May I welcome you all to this series of lectures. The large enrollment is quite a compliment to the Institute, and perhaps to the lecturer; but it also poses something of a problem. We shall not be able to handle this course on an informal or round-table basis. However, I should like to welcome as much discussion and as many intelligent questions as we can get, but I shall have to reserve the right to cut short discussion or not to answer questions in the interest of getting along with the course. You all understand our problem, I am sure.
I hope you will find that your time and money will be profitably spent in this course; but I want to add that the purpose of this course is to provide illustrative examples and discussions only, and not to supply practical ideas for security market operations. We assume no responsibility for anything said along the latter lines in this course; and so far as our own business is concerned we may or we may not have an interest in any of the securities that are mentioned and discussed. That is also a teaching problem with which we have been familiar through the years, and we want to get it behind us as soon as we can.
The subject of this course is "Current Problems in Security Analysis", and that covers a pretty wide field. Actually, the idea is to attempt to bring our textbook "Security Analysis" up to date, in the light of the experience of the last six years since the 1940 revision was published.
The subject matter of security analysis can be divided in various ways. One division might be in three parts: First, the techniques of security analysis; secondly, standards of safety and common stock valuation; and thirdly, the relationship of the analyst to the security market.
Another way of dividing the subject might be to consider, first, the analyst as an investigator, in which role he gathers together all the relevant facts and serves them up in the most palatable and illuminating fashion he can. And then to consider the analyst as a judge of values, or an evaluator. This first division of the subject is rather useful, I think, because there is a good field in Wall Street for people whose work it will be mainly to digest the facts, and to abstain from passing judgment on the facts, leaving that to other people.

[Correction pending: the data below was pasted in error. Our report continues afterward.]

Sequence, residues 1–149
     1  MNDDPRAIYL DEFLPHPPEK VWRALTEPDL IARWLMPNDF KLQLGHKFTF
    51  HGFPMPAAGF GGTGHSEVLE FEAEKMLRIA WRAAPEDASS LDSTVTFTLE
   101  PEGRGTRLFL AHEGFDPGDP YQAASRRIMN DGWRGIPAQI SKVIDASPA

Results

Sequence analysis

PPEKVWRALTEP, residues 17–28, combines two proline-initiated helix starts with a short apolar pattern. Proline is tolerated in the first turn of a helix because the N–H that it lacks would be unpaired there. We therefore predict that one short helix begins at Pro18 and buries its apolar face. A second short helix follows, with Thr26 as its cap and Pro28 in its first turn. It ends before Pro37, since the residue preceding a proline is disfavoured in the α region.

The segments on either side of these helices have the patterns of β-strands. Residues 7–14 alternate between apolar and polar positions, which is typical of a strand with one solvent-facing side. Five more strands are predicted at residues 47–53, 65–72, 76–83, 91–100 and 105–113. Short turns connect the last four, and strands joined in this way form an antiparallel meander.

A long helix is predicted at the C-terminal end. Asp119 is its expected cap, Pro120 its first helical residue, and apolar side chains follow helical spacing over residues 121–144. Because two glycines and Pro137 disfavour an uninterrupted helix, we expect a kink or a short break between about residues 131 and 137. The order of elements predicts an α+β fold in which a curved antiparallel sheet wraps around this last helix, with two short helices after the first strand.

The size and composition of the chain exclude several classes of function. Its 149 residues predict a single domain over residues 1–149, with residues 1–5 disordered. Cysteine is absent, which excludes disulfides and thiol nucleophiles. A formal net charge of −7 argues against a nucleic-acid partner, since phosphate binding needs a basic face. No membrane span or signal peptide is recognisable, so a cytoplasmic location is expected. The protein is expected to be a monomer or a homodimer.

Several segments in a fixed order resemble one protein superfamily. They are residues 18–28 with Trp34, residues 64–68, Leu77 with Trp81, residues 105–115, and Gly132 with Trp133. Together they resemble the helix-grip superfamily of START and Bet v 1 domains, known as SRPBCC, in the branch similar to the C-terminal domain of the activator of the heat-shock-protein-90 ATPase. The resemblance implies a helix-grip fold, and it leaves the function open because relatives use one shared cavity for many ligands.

Such sticking to the facts alone might be very salutary; for the judgment of security analysts on securities is so much influenced by market conditions down here that most of us are not able, I fear, to express valuation judgments as good analysts. We find ourselves almost always acting as a mixture of market experts and security experts. I had hoped that there would be some improvement in that situation over the years, but I must confess that I haven't seen a great deal of it. Analysts have recently been acting in Wall Street pretty much as they always have, that is to say, with one eye on the balance sheet and income account, and the other eye on the stock ticker. It might be best in this introductory lecture to deal with the third aspect of the security analyst's work, and that is his relationship to the security market. It is a little more interesting, perhaps, than the other subdivisions, and I think it is relevant as introductory material.
The correct attitude of the security analyst toward the stock market might well be that of a man toward his wife. He shouldn't pay too much attention to what the lady says, but he can't afford to ignore it entirely. That is pretty much the position that most of us find ourselves vis-à-vis the stock market.
When we consider how the stock market has acted in the last six years, we shall conclude that it has acted pretty much as one would expect it to, based upon past experience. To begin with, it has gone up and it has gone down, and different securities have acted in different fashion. We have tried to illustrate this simply, by indicating on the blackboard the behavior of some sample stocks since the end of 1938. Let me take occasion to point out some of the features in this record that may interest security analysts.
There are two elements of basic importance, I think, that the analyst should recognize in the behavior of stocks over the last six years. The first is the principle of continuity, and the other is what I would call the principle of deceptive selectivity in the stock market.
First, with regard to continuity: The extraordinary thing about the securities market, if you judge it over a long period of years, is the fact that it does not go off on tangents permanently, but it remains in continuous orbit. When I say that it doesn't go off on tangents, I mean the simple point that after the stock market goes up a great deal it not only comes down a great deal but it comes down to levels to which we had previously been accustomed. Thus we have never found the stock market as a whole going off into new areas and staying there permanently because there has been a permanent change in the basic conditions. I think you would have expected such new departures in stock prices. For the last thirty years, the period of time that I have watched the securities market, we have had two world wars; we have had a tremendous boom and a tremendous deflation; we now have the Atomic Age on us. Thus you might well assume that the security market could really have been permanently transformed at one time or another, so that the past records might not have been very useful in judging future values.